Notes & Reviews:
From the outset of his career, Sir Thomas Beecham gained a reputation for his groundbreaking interpretations of the symphonies of Joseph Haydn. This collection brings together Symphonies 93 - 104 - among them, the 'Surprise' and the 'Miracle' - as well as the uplifting oratorio The Seasons, all of which became fundamental to Beecham's repertoire. The textural clarity and rhythmic vitality that Beecham achieves create brilliant performances of sheer elegance and grandeur, which constantly seek to convey the true spirit of the esteemed composer.
Sir Thomas Beecham (1879-1961) was born in the north-west of England, the son of a successful manufacturing chemist. After a spell at Wadham College, Oxford, he studied privately with Charles Wood in London and Moritz Moszkowski in Paris with the express intention of becoming a composer. By his early twenties he was conducting professionally and in 1906 was appointed conductor of the New Symphony Orchestra. Three years later, backed by his father, he founded the first of several orchestras, the Beecham Symphony. From 1910 to 1915, the family's money also enabled him to mount impressive seasons of opera and ballet, including the British premieres of Russian operas and many by Richard Strauss, and the first visits to London by Diaghilev's Ballets Russes. In 1915 he created the Beecham Opera Company, which performed in London and around the country. After the Second World War, Beecham founded another superb orchestra, the Royal Philharmonic (in 1946), over which he could exercise full control. Visits to foreign orchestras (particularly in America), a profuse recording schedule and regular appearances in the opera house, kept Beecham active to the end of his long life.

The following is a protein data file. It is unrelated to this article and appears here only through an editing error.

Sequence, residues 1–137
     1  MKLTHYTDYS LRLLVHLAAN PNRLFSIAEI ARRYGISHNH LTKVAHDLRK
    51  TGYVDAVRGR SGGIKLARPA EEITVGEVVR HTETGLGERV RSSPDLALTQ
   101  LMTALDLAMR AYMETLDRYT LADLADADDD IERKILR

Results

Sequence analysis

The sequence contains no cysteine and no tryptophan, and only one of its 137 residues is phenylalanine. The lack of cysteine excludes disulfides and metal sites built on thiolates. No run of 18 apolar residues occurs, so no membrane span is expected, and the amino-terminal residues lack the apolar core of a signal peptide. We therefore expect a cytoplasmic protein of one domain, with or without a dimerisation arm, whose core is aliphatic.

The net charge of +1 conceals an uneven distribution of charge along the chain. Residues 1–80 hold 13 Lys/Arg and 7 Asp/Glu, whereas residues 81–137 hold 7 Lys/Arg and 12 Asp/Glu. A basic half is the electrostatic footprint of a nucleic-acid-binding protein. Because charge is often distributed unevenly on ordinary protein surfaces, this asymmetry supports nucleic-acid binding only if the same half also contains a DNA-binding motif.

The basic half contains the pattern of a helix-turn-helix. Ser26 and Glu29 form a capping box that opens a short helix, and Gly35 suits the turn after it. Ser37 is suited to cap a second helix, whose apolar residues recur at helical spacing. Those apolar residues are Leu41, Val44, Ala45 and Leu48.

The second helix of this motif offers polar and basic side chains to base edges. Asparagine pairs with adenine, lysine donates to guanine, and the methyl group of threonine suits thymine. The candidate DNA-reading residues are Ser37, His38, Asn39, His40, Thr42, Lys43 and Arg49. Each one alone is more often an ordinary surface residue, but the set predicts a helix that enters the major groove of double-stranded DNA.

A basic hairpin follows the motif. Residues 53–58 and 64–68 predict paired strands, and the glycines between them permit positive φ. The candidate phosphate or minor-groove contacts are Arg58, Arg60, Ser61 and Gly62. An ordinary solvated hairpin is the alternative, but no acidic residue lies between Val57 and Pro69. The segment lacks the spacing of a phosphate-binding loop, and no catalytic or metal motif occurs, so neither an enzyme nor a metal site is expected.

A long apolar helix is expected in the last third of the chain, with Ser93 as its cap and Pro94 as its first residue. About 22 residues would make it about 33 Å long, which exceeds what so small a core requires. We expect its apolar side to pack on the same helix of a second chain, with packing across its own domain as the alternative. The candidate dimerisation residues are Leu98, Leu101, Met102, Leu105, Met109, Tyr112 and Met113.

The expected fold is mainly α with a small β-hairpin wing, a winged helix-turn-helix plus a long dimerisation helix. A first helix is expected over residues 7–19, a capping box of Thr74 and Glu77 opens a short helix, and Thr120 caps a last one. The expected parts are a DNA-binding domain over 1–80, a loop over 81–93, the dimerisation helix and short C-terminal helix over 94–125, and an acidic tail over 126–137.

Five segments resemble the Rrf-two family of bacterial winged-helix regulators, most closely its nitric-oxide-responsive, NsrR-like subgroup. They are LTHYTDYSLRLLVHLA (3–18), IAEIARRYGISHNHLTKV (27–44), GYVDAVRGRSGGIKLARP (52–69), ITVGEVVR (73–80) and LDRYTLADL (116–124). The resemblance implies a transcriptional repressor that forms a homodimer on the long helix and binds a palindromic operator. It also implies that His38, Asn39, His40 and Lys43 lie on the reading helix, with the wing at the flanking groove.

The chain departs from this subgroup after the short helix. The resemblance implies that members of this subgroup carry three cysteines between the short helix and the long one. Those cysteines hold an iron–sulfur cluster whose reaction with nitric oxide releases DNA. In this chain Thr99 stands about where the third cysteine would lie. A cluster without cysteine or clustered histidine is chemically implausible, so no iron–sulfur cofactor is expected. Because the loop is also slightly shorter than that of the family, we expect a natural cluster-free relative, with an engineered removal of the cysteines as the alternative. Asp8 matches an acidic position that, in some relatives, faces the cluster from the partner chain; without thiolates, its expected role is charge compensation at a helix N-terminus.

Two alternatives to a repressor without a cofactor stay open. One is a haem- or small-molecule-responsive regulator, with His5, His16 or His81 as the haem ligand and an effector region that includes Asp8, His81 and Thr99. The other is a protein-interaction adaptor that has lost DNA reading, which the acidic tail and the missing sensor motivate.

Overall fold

- 6CD set includes Haydn's 12 London Symphonies and 'The Seasons' oratorio
- Sir Thomas Beecham founded the Royal Philharmonic Orchestra in 1946
- Beecham's conducting style was noted for its elegance and rhythmic vitality and textual clarity
MusicWeb International, 16th October 2013
Although the present performances may appear quite dated to some, Beecham's exquisite grace, elegance and charm shines through. I love way he negotiates a phrase and adds that extra dash of panache and Tlan to the proceedings...In Symphony no. 101, no-one can portray the quirky, jaunty character of the Clock second movement like Sir Thomas.
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